According to the FLSA, you must maintain all payroll records for at least three years. Whether or not an employee is seasonal or permanent does not matter - these payroll retention requirements must be enforced.
Similarly, all records relating to performance (e.g. evaluations, employee files, etc.) must be retained for at least two years after the employee leaves the organization.
It seems redundant at this point, but child labor laws are treated equally under the FLSA regardless of the status of a child employee – seasonal or permanent. The conditions of employment for a seasonal employee under the age of 18 are dictated by the FLSA and relate to the type of work they can perform, times of day they can work, how long they can work, and how much they should be paid.
Equal Employment Opportunity
If your organization has 15 or more employees, you must comply with the federal equal employment opportunity responsibilities enforced by the Equal Employment Opportunity Commission (EEOC). This means that you are responsible for fair employment decisions and policies as it pertains to the treatment of all employees when based upon race, color, religion, sex, national origin, age, disability, or genetic information.
Under current federal law, you are required to offer healthcare coverage to your full-time employees if you have 50 or more full-time employees. When it comes to seasonal employees however, things can get much more complex.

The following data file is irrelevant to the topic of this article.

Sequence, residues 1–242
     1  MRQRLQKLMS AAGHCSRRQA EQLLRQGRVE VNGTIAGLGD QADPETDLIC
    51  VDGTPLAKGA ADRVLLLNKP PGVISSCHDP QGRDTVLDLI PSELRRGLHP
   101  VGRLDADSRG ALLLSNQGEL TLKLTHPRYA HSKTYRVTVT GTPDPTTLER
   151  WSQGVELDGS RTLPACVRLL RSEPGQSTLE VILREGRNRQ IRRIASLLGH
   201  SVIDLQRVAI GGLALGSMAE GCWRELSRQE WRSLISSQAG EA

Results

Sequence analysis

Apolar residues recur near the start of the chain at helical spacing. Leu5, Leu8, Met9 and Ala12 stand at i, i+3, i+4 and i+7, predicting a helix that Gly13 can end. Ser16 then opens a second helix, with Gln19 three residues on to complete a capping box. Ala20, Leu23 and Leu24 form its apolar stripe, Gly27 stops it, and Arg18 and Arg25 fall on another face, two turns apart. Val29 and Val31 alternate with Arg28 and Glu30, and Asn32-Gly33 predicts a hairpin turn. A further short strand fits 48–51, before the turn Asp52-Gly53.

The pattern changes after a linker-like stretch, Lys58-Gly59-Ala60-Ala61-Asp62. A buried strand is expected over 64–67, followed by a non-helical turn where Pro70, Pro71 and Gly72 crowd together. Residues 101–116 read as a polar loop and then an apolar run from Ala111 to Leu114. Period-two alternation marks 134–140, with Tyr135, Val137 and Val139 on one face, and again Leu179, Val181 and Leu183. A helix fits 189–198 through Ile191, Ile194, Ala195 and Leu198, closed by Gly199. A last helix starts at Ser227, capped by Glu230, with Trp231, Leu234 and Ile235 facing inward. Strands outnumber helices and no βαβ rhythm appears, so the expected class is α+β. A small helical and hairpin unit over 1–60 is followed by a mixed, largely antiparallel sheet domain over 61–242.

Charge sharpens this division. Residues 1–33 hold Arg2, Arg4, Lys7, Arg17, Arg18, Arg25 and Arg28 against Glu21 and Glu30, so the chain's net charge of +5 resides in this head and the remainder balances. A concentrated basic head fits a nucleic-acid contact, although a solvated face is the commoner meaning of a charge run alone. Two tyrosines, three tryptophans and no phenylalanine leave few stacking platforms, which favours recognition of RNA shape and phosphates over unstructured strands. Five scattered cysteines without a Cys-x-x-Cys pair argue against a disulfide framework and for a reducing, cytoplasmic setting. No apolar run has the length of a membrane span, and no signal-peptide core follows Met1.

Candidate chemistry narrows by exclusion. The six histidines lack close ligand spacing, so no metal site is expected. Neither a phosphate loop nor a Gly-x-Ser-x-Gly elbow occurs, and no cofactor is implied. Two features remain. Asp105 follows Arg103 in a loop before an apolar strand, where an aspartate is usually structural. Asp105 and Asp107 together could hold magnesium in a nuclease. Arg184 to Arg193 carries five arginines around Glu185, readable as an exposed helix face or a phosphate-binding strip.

When calculating the number of full-time equivalent employees at your organization, you need only consider seasonal employees if they have worked 120 or more days during the year. This requirement will rule most seasonal employees out, but if you have seasonal employees that meet this criteria, it could increase your number of full-time equivalents to 50 or more. If that is the case, you will then be required to offer health insurance to your full-time employees.
There is no requirement that seasonal employees must be offered health insurance. But depending on the manner in which you measure your full-time employees, you could be required to offer health insurance to seasonal employees after the mandatory waiting period of 90 days.
What are the boundaries between a seasonal employee and a contractor? How do I classify a freelancer that we hired to build our website? Take the time to understand the classification of a seasonal employee. If you misclassify a seasonal employee as an independent contractor simply because they only work for a short period of time, you could find yourself in some legal hot water.
If you’re still unsure of how to classify a worker, you can submit a Form SS-8 to the IRS. This form requests a worker status determination directly from the IRS.